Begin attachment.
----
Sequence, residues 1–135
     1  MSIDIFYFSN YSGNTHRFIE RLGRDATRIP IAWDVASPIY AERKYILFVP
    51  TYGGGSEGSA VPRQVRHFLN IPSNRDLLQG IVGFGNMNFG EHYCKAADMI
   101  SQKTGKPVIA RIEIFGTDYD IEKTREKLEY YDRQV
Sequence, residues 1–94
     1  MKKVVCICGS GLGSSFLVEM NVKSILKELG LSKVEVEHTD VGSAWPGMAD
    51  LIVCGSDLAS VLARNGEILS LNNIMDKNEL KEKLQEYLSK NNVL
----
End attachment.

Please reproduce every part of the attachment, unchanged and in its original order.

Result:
Sequence, residues 1–135
     1  MSIDIFYFSN YSGNTHRFIE RLGRDATRIP IAWDVASPIY AERKYILFVP
    51  TYGGGSEGSA VPRQVRHFLN IPSNRDLLQG IVGFGNMNFG EHYCKAADMI
   101  SQKTGKPVIA RIEIFGTDYD IEKTREKLEY YDRQV
Sequence, residues 1–94
     1  MKKVVCICGS GLGSSFLVEM NVKSILKELG LSKVEVEHTD VGSAWPGMAD
    51  LIVCGSDLAS VLARNGEILS LNNIMDKNEL KEKLQEYLSK NNVL